When I left Sydney in 2006 I think we were on level 6 water restrictions, which meant that basically cooking, toilet flushing, washing hands and bodies were the only things that were acceptable to use water for.
In Darwin, what with the Wet Season that dumps inordinate amounts of water on the Top End for at least 6 months of the year, the idea of water restrictions is just so laughable that I don’t think I ever heard the phrase bandied about even once in casual conversation. I don’t think Top Enders would actually comprehend the very idea of water restrictions or what it means.
But here we are again living with water restrictions, though these ones are of a very different kind. I forgot what a luxury it was to be able to use tap water for anything. Anyone who has travelled to a developing country knows that you don’t touch the water from the taps to the mouth region of your face ever under any circumstances full stop thankyouverymuch. Except in Singapore (although the water doesn’t actually taste that flash there so most people drink bottled water anyway!).
In Ukraine, we ordered those massive water cooler bottles of water through a company called Etalon. I used to hate the ordering process so much (as I had to use Russian… It’s so much easier to speak a foreign language face to face than it is over the phone) so I ordered about six bottles at a time which would last two weeks. Between two people.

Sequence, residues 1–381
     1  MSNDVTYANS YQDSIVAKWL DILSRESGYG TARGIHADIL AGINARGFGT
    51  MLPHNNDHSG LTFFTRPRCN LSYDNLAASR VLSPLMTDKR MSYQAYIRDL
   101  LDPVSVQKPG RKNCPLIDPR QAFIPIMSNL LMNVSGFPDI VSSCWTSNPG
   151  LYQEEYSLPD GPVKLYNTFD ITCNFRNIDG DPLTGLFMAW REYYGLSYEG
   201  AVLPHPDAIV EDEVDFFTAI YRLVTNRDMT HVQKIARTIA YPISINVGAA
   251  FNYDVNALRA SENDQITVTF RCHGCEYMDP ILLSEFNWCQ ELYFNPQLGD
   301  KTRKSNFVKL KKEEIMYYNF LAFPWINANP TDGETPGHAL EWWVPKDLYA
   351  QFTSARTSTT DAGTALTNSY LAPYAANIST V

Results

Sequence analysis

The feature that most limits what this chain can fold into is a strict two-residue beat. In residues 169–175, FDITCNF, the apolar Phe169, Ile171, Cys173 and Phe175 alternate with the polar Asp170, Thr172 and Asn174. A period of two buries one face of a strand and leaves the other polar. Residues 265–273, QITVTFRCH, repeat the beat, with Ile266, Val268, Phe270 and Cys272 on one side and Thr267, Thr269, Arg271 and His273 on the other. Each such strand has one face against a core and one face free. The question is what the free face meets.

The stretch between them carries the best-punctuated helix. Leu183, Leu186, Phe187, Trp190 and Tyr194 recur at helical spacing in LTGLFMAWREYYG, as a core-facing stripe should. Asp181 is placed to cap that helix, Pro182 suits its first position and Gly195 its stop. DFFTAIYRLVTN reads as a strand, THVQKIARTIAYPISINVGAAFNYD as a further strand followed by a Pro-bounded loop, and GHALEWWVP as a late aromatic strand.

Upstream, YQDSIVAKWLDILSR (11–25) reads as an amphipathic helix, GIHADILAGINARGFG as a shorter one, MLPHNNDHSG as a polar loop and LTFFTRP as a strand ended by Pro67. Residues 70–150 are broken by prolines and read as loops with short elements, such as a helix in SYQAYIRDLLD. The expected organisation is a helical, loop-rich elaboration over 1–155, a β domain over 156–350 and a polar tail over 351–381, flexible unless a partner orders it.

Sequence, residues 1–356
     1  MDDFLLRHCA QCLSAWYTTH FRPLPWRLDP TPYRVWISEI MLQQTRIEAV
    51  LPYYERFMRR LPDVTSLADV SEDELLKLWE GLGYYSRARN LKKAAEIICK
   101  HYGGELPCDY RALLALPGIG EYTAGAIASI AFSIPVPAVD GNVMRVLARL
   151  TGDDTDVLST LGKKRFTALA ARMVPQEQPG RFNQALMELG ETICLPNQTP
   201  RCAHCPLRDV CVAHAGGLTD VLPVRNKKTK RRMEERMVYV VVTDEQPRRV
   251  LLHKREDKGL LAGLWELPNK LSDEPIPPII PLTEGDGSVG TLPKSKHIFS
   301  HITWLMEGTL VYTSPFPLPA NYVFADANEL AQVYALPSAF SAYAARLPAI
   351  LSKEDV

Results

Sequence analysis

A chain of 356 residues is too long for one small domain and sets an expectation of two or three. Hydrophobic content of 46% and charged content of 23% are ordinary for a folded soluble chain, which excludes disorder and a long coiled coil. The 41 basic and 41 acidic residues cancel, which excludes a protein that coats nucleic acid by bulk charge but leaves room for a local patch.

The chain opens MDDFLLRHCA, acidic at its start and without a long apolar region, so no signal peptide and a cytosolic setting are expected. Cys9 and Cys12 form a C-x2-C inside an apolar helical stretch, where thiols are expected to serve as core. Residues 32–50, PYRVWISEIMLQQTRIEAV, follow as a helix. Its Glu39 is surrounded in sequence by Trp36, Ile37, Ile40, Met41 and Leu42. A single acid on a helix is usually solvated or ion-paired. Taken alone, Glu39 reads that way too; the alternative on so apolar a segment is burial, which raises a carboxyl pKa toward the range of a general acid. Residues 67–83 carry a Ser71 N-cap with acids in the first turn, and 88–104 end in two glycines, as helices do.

Here we are now in Dili, four people including a baby whose food preparation I am still very particular about so our water needs are quite high. I’m yet to suss out if there is a delivery service available here. They certainly have the BIG bottles of water, but I can’t find any bottle-top pumps, only the actual water cooler machines which are over $100 a pop so still tossing up whether to get one.
In the meantime, we are sadly doing out bit for landfill, purchasing 600mL bottles for drinking water and 1500mL bottles for cooking. I do keep them separate when finished, in the hope that our cleaner knows of an unofficial bottle recycling racket and is selling them to a local dealer. Or something.
When it comes to washing up, the estate we live on has a bore and the tap water while probably not drinkable at least isn’t (too) smelly. It’s cool and clear and as the Mr says, probably is an underground river of water that has run down from the mountains. So I’m comfortable enough doing the washing up with this water* – that is, until I get amoebic dysentery – but I still rinse plates and utensils in bottled water unless I’m only putting dry ingredients on them. (I have the feeling that the rinsing with bottled water is kind of an OCD thing that doesn’t achieve much but hey. It puts me in my comfort zone).
When it comes to baths for the girls, the Sprog has been pepped talked enough to know that she isn’t to drink the water, and with Harrie – well, we just have to watch her like a hawk. And when it comes to brushing teeth – again, bottled water all the way baby.
I remember when we returned to Australia in 2009, it took weeks and weeks to feel comfortable with drinking the tap water. Now I’m so used to it that I have to train myself all over again. Who knows – I’ve probably drunk a couple of glasses of the tap stuff here and totally not even realised it, in my perpetually sleep deprived state (but that’s a whole other post).
*That is, letting the cleaner do the washing up with this water